By Fred Gardner August 28, 2013 “Our” government is lying about Syria in the same blatant way that they’re lying about marijuana. The split within the Obama Administration gave us hope for a while, but the war hawks —like the DEA— seem to have triumphed again. Why must the U.S. rush to inflict what mild-mannered Wolf Blitzer called “a punishing attack” on Syria?
Bashar al-Assad, MD, is an Oxford-trained opthalmologist who presided over a functioning secular state. His government has successfully defended itself against a swarm of rebel militias —one al-qaeda, one led by a warrior known to eat the heart of a killed enemy, one invented by the U.S. State Department and named “The Free Syrian Army,” probably by some Clintonite who had a vague memory of Peter Rowan’s song, “The Free Mexican Air Force.” The Assad government would not have used chemical weapons because to do so would give the U.S., France, and England an excuse to intervene. That’s the obvious, common-sense context to the events of recent days. Apparently a cache of industrial chemicals was hit by a crude missile launched by parties unknown, providing the pretext the U.S. and its imperialist allies wanted and/or created.
Pretexts ‘R’ us. To attack Iraq in 2003 they said Saddam Hussein had imported “yellow cake Uranium from Africa” and some aluminum rods that could only be used, supposedly, in weapons of mass destruction.To escalate the War in Vietnam they trumped up an attack on a warship called the USS Maddox in the Gulf of Tonkin. Marijuana doesn’t impair the longterm memory.
Fifty years ago today I was at the Lincoln Memorial. Lincoln said the United States aspired to “government of the people, by the people, and for the people.” But after the Civil War we got government in the service of the corporations, and that’s how it has been ever since. We, the people, have won some small victories here and there, but the rulers have steadily increased their reliance on militarized police (privileged labor) to maintain the corporate state and its spiral of material inequality.
Martin Luther King, Bayard Rustin and many other organizers of the 1963 March for Jobs and Freedom would, in the days to come, oppose U.S. intervention in Vietnam’s Civil War. But that aspect of King’s politics is downplayed, ignored. The synergy between the civil rights movement and the peace movement strengthened both. Equality for women, an end to discrimination against gays, all our demands re-enforced one another… and the lunch counters were integrated and the war finally ended, but ever since, the police state has been strengthening its grip.
Syria is “an incredibly beautiful country,” says the filmmaker Saul Landau, who made an informative documentary called Syria: Between a Rock and a Hard Place in 2006. Anyone wanting background on the current nightmare should check it out. Landau told your correspondent that he could not understand the U.S. neocons’ fierce desire to depose Assad. Syria was not threatening to reclaim the Golan Heights from Israel; its intelligence agency had cooperated in finite ways with the Bush Adminsitration’s “War on Terror.”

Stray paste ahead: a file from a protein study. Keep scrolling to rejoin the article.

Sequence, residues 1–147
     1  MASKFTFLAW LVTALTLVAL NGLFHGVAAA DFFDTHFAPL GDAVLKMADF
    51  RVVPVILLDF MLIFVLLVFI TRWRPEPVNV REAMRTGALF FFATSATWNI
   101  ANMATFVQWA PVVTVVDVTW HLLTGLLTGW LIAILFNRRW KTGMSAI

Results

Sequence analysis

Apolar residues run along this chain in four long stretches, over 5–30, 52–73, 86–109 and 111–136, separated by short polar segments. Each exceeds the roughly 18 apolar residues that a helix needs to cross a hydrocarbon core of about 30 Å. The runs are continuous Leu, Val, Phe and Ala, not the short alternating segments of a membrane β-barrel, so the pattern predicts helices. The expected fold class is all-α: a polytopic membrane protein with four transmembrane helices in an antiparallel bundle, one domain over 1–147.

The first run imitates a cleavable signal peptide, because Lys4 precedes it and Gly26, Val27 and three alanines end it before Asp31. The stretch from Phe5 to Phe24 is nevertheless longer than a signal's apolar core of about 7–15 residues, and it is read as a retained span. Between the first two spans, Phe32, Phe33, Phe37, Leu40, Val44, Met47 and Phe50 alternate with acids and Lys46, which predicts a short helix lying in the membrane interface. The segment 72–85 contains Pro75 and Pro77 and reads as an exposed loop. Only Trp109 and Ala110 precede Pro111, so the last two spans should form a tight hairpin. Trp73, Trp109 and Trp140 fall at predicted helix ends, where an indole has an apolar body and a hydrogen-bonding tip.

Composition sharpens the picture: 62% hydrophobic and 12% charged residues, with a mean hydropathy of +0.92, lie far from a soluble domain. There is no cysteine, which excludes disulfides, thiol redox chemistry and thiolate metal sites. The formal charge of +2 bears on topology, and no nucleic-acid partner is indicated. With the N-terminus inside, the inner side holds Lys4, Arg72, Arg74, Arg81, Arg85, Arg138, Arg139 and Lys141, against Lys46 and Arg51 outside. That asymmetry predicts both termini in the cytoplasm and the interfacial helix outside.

It seems like only a few years ago that Morley Safer was in Syria respectfully interviewing Dr. Assad for 60 Minutes. We thought at the time that Gavin Newsom, then mayor of San Francisco, now lieutenant governor of California, could be his body double.
On Saturday, August 24, the U.S. and its allies demanded that Syria allow UN inspectors to determine the nature of the deadly chemical exposure. On Sunday the Syrian government agreed. On Monday the inspectors arrived. Also on Monday Secretary of State Kerry put on a phony show of moral outrage —as if “we” didn’t supply Iraq with chemical weapons to use against Iran in the 1980s— and announced that the U.S. was going to respond militarily. Why not give the UN inspectors a chance to inspect? Are the hawks afraid the UN observers will do what Hans Blick did when he concluded that Saddam Hussein did not have weapons of mass destruction? Blick had gone on his mission believing he would find weapons. He was honest enough to report the truth. When the NIDA-funded UCLA pulmonologist Dr. Donald Tashkin reported in 2005 that smoking marijuana did not cause lung cancer, his integrity was analogous to Blick’s, as we noted at the time.
The U.S. attacking Syria and the U.S. banning marijuana are alike in that we, the people, can’t figure out who in the U.S. is calling the shots, and a large majority of us don’t agree with the shots they’re calling. Most of us want peace. We want safe access to cannabis. We want clean water to drink and nutritious food to eat and air that doesn’t cause cancer. We want free public education and meaningful work and security in old age. What a nerve our masters have to call this society a “democracy.” Then they say “we” as they kill people in our name.
Our featured image is of a Syrian postage stamp honoring al-Kindi, a renowned 9th-century scientist/physician who described cannabis as a muscle relaxant.